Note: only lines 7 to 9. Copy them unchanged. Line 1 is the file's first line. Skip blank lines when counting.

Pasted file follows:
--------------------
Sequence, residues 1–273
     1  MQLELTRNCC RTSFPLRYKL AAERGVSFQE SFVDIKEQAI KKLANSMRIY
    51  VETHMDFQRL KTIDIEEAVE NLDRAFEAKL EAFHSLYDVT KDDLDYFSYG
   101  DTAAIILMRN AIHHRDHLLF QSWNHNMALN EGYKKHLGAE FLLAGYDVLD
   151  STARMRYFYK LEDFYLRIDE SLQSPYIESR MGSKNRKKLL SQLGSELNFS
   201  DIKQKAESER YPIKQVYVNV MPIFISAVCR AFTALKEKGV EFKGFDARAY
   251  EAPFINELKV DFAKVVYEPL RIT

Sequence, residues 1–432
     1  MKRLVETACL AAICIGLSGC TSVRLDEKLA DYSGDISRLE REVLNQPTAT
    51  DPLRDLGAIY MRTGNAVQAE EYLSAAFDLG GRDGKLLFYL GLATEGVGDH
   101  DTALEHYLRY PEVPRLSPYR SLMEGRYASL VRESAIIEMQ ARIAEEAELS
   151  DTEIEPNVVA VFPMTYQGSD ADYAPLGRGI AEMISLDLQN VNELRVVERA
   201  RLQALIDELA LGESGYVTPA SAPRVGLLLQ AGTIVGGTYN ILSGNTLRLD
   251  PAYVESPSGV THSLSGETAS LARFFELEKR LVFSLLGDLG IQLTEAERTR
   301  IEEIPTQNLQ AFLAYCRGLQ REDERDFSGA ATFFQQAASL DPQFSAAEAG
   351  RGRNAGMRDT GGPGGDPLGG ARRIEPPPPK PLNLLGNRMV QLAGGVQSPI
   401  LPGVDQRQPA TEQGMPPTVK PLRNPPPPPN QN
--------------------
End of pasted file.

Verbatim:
   251  EAPFINELKV DFAKVVYEPL RIT

Sequence, residues 1–432
     1  MKRLVETACL AAICIGLSGC TSVRLDEKLA DYSGDISRLE REVLNQPTAT